Looking out the back window at the ever changing colors of the sunrise, I paused in the busy preparation of breakfast to just stand there for a few minutes and watch. After slogging through the grey months, this display of dawn was a welcome reprieve. “Autism spectrum….obsessive compulsive tendencies,” the words the child psychologist said the day before still ringing in my ears.

We’ve been down this road before, though it was a few years ago. Screening prompted by his inability to speak at the level of his peers, and irrational terror by simply stepping foot into the doctor’s office. Deep down I think we both have always known there was a difference. Not extreme, not on the far end of the spectrum, but just enough to bring pause, a raising of our curiosity. We’ve never been parents before, he’s our oldest, so there isn’t a barometer of ‘normal’. I still cringe at that word.

In a strange way, having the doctor explain things to us in detail, having him nod in complete recognition at the descriptions of his behavior, was entirely comforting. No expressions of revulsion, no judgement, no surprised questioning looks about his behavior, or our parenting.

We aren’t crazy. We aren’t bad parents.

Those words are huge. Much in the same way our local froyo lady complimented our parenting skills (and turned a particularly rough day around for me) the words this doctor said, the encouragement he gave us, were beyond helpful. I felt my shoulders relax where I had no idea I was holding tension. There was a lifting of a heavy load I have been carrying around unknowingly.

He shows definitive markers on the autism spectrum, but he’s highly functioning. There is no reason he won’t grow to have a family and lead a very happy life.

There are things to be concerned about. You’ll have to find what works for your family. If it doesn’t work, even the things I say, don’t use it. Use what works for you.

Much of it will be trial and error. That’s to be expected. When things blow up and don’t go well, use those as learning experiences. You’ve just learned what doesn’t work. On to the next thing.

We gained validation. We have some new tools in our parenting toolbox. Most importantly, we were given a perspective that is not of the “beat the child into submission” variety, nor a hippy-dippy let the kid do whatever, whenever hands-off approach. More cooperation, less adversarial. Less controlling, lots of boundaries. More respect for sensitivities to overwhelm. For him, sensory overwhelm causes the tantrums and outbursts. Loss of control triggers anger. He’s not an angry child. He’s not a bad kid. He simply gets overwhelmed. It’s our job to continue to teach him how to deal with life as a sensitive person in a not-so-sensitve world.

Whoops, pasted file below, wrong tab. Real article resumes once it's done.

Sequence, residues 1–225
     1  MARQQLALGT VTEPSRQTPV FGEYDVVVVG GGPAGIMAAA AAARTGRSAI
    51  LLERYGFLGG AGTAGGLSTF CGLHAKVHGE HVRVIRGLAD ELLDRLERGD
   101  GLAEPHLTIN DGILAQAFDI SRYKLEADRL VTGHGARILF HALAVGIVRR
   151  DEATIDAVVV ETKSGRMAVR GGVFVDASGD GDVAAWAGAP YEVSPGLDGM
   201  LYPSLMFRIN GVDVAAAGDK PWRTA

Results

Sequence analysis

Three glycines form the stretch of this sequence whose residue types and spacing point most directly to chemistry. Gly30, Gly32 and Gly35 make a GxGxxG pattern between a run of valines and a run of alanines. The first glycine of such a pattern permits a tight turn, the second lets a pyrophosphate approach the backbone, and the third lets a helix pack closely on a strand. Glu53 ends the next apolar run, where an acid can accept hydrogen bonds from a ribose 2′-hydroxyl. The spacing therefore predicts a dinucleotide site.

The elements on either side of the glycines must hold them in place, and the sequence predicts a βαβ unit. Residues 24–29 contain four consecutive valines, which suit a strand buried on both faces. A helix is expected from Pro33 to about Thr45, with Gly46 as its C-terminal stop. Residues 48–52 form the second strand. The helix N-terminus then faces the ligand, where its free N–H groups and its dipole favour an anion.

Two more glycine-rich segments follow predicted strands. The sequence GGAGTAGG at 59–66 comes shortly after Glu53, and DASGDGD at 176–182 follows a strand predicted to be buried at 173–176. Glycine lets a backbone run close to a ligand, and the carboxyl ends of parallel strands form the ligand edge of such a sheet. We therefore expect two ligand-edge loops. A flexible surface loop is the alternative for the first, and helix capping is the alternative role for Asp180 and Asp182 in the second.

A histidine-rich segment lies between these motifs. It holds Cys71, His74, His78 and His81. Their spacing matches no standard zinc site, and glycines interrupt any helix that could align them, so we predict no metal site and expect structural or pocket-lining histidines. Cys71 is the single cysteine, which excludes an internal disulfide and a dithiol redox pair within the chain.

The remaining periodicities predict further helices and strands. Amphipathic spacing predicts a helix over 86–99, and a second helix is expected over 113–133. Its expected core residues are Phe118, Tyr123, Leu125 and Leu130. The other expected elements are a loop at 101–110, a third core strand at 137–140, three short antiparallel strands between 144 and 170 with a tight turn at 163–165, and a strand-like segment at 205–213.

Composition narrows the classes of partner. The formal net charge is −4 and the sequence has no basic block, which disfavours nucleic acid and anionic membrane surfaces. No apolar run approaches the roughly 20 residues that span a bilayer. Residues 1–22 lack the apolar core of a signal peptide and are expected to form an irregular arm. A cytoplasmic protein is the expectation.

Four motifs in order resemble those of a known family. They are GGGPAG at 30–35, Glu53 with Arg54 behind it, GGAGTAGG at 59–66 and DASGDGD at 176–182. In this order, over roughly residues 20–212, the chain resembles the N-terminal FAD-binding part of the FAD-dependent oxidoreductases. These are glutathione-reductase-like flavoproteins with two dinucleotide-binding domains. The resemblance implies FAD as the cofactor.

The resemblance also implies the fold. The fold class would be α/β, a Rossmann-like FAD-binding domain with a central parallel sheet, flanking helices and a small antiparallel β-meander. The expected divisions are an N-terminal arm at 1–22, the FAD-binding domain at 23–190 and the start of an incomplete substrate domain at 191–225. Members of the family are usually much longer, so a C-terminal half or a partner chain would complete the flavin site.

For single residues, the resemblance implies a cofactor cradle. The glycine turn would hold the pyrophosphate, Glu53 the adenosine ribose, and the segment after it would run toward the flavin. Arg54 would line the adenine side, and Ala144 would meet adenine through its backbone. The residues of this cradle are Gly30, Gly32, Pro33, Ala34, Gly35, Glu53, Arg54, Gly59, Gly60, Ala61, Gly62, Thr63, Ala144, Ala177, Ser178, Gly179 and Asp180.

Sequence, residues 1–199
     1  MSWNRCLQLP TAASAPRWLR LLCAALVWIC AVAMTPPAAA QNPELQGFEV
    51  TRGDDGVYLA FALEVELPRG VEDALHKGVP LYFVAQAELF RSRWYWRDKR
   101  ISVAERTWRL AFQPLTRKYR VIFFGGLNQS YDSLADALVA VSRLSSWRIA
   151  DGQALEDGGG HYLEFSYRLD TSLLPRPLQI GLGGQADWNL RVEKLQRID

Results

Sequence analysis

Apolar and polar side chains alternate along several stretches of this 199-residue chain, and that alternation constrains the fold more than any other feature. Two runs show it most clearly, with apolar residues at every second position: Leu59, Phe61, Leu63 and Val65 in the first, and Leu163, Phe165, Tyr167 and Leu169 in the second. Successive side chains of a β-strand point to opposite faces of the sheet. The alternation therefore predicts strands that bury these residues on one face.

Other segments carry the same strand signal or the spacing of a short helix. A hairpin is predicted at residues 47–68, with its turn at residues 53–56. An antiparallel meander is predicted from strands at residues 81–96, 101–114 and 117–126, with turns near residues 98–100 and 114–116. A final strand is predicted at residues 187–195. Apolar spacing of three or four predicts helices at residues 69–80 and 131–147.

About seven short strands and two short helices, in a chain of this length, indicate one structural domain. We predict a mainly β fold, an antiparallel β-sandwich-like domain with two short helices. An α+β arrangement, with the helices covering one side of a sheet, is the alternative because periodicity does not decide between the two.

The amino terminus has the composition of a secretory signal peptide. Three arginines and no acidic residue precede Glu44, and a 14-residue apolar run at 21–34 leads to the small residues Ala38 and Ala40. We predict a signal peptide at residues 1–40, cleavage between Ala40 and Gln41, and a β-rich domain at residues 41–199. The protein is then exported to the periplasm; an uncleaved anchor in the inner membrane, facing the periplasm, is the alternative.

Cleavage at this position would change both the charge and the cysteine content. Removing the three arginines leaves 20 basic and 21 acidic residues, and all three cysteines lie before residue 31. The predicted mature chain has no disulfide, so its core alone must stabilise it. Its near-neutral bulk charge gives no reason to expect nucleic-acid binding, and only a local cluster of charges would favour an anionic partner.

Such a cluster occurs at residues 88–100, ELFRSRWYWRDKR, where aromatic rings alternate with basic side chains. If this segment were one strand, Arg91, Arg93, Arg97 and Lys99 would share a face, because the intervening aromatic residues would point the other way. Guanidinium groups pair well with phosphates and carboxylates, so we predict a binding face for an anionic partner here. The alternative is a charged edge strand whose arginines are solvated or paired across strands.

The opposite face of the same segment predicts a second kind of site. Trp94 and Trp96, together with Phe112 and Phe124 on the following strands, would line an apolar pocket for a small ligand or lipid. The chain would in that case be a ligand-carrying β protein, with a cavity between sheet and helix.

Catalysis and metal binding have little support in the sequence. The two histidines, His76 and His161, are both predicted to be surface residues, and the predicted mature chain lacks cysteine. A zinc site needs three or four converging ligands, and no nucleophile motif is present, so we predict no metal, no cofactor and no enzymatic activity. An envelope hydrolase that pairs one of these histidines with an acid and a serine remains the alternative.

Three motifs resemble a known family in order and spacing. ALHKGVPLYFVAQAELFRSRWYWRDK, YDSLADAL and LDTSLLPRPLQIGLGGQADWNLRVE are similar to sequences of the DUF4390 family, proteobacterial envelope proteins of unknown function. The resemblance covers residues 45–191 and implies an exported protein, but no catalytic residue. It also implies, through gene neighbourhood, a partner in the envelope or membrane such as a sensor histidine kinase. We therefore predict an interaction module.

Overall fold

Seeing the sun finally break the horizon, I sip my hot coffee. I take a deep breath and put the bacon in the oven. Kissing my husband off to work, I glance at the calendar to see what’s on deck for the day. It’s a welcome stark white space. A blank slate, a square with opportunity…24 hours of possibilities.


I think I’ll start by doing a bit of writing…


Super Sense

Daily prompt: If you were forced to give up one sense, but gain super-sensitivity in another, which senses would you choose?

How ironic is this daily prompt? Since we discovered the possibility of Jacob being essentially blind in one eye, I am finding myself walking around with one eye closed to feel what it must be like.

There are a couple of things I’ve gained from doing this, apart from looking silly. One is that my depth perception is completely out of whack, as in I have none with only one eye open. This now makes complete sense why Jacob really doesn’t like to play catch for very long, and its amazing that he can catch at all. The realization of this hit us this weekend as we were on our way to church, and it was a hard one. It’s amazing how you don’t even know you have visions and dreams for your children, until the possibility of them becoming reality dims.

The second realization I’ve come to is that generally, I assume that others see the world in a similar way I do. I’m not really sure why I do this, or if everyone does this, but only when confronted with an opposing viewpoint do I realize just how much I assume. And of course, with Jacob’s tentative diagnosis, it brought this home in a new, and very concrete way. It would have never occurred to me that Jacob couldn’t see the way I do. It just seemed so outside the realm of possibility. But now that we know, so many things are making more sense. Little things, like the way he completely turns his head to see out the car window, or when he’s lying on his back at the dentist’s office and gets so scared because he can’t see what’s coming. He doesn’t have peripheral vision. These sorts of realizations are coming fast and furious.